Oracle Scratchpad

July 14, 2013

12c histograms

Filed under: 12c,Histograms,Oracle,Statistics — Jonathan Lewis @ 7:11 pm BST Jul 14,2013

There are a few enhancements in 12c that might make a big difference to performance for a small investment in effort. One of the important enhancements comes from changes in histograms – which improve speed of collection with accuracy of results. The changes are so significant that I chose the topic as my presentation at OpenWorld last year.

In 11g Oracle gave us the option for using an “approximate NDV (number of distinct values)” for rapid and accurate collection of basic column stats. In 12c Oracle extends the mechanism to frequency histograms and a new type of frequency histogram called a “Top-N” histogram (also called a “Top-Frequency” histogram). At the same time the maximum number of buckets allowed for a histogram has gone up from 254 to 2000 2048 [corrected: see note 4 below] – although the default stays at 254 and you probably don’t need to increase it in most cases (remember the side effect you might have on the sysaux tablespace as Oracle automatically retains the historical stats).

Height-balanced histograms are still relatively expensive to collect – but there is a newer type of height-balanced histogram named the “Hybrid” histogram which gives you better information than the old height-balanced for the same amount of work and, thanks to the Top-N histogram you may find that some of your old (expensive, inaccurate) height-balanced histograms are replaced by cheap, accurate Top-N histograms.

In part 2 of this mini-series I’ll describe the new mechanism for the frequency histogram and the logic of the Top-N histogram and in part 3 I’ll describe the mechanism and demonstrate the benefits of the Hybrid histogram. The takeaway from this note, though, is that you need to look at your current stats collection and think about how a small change in strategy could both reduce the workload and improve the accuracy of your histograms.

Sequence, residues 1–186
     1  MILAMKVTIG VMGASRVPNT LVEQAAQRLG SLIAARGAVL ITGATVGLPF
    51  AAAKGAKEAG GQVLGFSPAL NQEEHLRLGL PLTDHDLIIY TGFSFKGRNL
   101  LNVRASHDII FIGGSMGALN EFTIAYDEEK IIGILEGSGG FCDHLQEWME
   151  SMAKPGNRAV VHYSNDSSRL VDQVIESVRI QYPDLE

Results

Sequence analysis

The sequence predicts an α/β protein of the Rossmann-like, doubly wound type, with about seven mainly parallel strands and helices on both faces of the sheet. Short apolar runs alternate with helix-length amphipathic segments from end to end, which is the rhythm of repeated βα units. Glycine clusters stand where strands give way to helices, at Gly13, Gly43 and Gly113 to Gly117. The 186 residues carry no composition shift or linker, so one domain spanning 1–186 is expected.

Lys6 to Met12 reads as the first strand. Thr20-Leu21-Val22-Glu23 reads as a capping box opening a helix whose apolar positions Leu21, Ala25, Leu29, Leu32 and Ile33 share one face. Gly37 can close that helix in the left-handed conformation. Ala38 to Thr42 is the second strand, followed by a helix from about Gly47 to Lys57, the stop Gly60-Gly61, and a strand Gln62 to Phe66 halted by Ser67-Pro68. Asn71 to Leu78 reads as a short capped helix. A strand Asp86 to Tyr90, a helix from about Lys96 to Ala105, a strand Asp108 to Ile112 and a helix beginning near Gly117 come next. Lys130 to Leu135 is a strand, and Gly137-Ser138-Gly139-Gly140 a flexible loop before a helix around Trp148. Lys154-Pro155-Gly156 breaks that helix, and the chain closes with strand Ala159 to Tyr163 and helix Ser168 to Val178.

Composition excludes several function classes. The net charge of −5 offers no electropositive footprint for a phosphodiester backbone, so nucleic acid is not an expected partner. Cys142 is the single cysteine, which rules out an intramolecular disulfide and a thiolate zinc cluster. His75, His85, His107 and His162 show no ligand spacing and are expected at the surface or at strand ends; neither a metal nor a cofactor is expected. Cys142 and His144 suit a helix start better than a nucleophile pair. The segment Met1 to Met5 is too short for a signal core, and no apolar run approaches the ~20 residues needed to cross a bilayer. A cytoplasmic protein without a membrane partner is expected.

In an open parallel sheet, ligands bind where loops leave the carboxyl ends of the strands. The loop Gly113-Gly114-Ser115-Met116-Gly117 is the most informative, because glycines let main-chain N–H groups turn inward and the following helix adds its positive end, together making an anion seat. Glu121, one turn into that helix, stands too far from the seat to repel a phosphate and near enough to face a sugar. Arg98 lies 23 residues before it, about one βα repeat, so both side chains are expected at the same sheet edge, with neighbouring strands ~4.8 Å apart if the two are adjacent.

1. Jonathan,

    I thought you were generally against using histograms – you were/are recommending on multiple occasions to turn them off (~ set size to 1).
    Did anything about 12c change your mind in this matter?

    Comment by Josef — July 15, 2013 @ 9:44 am BST Jul 15,2013 | Reply

    • Josef,

      I’m still very careful about (and generally against) using histograms.

      Key points:
      * You can collect a (frequency – in particular) histogram at the wrong time
      * A (height-balanced) histogram can vary its contents from collection to collection even when you collect on the same data at the same time of day – just because of the luck of random selection when sampling.

      With 12c (and suitable configuration – to be written up):
      * a frequency histogram is “free of charge” while being 100% accurate
      * a “top-N” histogram is “free of charge” and can be very accurate when there are very many values but most of the data comes from a relatively small number of values
      * a “hybrid” histogram gives much more information, stability, and accuracy at the same cost as the equivalent height-based.

      So if you’re letting Oracle gather histograms now (and aren’t having problems) then 12c will probably gather them faster and better.

      It’s still possible, though, to gather them at the wrong time of day, and it will still be cheaper and safer to write your own code to fake them in some (probably fewer) special cases.